HC Deb 01 March 1847 vol 90 c611

thought he had been misunderstood by the Secretary for Ireland in some observations which he had made in a previous part of the evening. His question related, to the infirm poor, who were unable to work on railways, or at any work. As to the impossibility of collecting the rates in Ireland, he might state that the amount collected did not exceed 7½d. in the pound. As to the union of Castlebar, it had been conducted during the last four years at 4½d. only in the pound; and now they had refused to collect any more rates, though the rents had been fully collected.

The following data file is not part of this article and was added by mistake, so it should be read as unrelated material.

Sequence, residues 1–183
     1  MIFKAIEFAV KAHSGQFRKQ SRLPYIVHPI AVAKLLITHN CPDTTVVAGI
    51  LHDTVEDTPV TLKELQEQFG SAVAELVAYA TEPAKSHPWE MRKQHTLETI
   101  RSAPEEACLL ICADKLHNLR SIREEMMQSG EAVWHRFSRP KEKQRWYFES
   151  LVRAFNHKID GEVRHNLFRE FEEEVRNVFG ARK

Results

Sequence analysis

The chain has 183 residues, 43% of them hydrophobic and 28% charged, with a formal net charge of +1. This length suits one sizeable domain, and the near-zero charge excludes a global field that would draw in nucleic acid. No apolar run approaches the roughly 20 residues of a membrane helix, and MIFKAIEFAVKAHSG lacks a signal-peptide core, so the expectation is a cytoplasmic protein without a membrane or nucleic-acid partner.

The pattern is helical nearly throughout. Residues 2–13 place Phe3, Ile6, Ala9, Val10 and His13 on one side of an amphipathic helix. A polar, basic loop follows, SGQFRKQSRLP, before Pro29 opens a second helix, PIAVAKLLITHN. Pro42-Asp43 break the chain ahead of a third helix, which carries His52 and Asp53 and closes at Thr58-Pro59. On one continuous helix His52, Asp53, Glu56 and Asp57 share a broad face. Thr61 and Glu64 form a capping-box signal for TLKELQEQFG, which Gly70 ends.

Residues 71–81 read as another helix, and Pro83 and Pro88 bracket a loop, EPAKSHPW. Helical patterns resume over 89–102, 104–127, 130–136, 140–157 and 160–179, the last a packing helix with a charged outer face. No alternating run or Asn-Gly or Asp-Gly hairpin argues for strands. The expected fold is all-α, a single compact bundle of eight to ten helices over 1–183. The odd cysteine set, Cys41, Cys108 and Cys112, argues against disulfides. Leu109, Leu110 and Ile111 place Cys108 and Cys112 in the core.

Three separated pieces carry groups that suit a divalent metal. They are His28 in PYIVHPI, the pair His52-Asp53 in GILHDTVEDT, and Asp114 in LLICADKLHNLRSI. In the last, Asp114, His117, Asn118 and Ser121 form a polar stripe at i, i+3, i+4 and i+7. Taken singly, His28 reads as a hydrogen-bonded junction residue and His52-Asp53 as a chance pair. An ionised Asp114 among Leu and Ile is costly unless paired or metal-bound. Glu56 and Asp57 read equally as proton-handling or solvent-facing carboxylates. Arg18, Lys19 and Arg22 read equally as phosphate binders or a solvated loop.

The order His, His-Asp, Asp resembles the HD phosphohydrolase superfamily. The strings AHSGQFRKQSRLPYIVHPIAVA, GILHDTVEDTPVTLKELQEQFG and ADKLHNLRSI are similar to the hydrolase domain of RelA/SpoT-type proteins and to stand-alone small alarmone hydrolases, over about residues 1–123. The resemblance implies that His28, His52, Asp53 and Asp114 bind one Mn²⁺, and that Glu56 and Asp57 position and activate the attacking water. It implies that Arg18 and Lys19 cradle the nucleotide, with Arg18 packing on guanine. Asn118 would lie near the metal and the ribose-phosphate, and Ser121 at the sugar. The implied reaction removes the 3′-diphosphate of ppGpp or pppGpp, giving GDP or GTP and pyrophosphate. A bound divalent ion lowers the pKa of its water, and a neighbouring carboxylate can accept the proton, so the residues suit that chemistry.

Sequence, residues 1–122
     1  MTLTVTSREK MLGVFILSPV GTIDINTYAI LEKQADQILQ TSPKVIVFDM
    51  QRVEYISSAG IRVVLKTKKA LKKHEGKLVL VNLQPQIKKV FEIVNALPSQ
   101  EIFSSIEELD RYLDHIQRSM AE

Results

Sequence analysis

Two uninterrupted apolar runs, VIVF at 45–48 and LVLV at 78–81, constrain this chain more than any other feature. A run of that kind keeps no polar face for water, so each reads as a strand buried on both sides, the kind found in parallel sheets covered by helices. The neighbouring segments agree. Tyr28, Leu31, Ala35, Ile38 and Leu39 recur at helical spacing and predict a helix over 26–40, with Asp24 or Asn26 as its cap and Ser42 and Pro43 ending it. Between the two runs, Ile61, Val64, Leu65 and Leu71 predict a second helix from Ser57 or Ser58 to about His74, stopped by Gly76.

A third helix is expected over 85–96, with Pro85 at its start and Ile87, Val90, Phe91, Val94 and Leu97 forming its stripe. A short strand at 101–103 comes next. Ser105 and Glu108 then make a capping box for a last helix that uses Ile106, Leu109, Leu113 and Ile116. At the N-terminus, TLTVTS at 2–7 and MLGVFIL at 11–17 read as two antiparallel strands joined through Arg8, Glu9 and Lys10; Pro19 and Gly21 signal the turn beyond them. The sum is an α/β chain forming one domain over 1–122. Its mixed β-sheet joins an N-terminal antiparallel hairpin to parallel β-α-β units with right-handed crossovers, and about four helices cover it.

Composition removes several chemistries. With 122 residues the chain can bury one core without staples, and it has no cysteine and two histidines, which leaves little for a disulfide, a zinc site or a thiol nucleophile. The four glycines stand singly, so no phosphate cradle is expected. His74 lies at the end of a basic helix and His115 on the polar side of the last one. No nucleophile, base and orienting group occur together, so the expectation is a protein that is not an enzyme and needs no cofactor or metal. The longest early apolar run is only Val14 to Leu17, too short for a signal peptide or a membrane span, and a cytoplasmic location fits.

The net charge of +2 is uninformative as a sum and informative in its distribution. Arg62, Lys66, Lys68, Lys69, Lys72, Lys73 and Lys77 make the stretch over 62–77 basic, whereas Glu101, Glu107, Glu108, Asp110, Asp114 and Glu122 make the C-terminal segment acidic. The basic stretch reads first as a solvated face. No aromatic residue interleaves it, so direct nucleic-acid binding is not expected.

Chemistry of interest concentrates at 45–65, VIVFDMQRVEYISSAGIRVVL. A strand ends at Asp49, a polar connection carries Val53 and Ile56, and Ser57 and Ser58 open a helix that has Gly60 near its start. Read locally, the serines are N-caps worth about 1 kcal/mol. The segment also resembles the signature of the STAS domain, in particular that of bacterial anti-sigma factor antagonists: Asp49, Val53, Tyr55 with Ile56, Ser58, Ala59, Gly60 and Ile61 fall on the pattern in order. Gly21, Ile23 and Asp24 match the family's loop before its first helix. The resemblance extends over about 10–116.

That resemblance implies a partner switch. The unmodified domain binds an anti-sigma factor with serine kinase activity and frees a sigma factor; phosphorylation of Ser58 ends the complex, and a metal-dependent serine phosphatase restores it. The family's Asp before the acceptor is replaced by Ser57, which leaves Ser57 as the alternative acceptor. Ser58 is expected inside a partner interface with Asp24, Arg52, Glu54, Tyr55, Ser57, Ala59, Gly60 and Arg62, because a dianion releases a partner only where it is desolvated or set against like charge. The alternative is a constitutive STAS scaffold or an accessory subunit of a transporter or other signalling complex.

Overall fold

would not be brought on the present occasion into a discussion of the whole subject of the poor law, especially considering the opportunities that they would have of discussing that subject afterwards. The present poor law in Ireland was inadequate for the relief of the destitute poor of that country; and the Government had admitted that, by the fact of their having declared their intention to introduce a new Bill, which was now before the House. He had risen, however, to guard himself against a misrepresentation of his hon. Friend. He had not, in the answer which he had given, said anything which could infer that a well-organized system of relief, by means of soup-kitchens and the like, would not have a strong tendency to check the extent of misery and destitution in Ireland. He did hope that the measures adopted by Parliament and the Government would relieve the misery which he acknowledged and lamented did exist in many parts of Ireland. But he must say, with reference to what had been said by the hon. Gentleman (Mr. P. Scrope), that, whilst he admitted that a poor law would be beneficial to Ireland, he never had been of opinion that, whatever poor law might be proposed for that country, it could be of itself adequate to meet the present condition of Ireland. He believed that no poor law could meet such a case; and he believed that it was an error to suppose that any poor law could be sufficient to meet and remedy the present state of Ireland.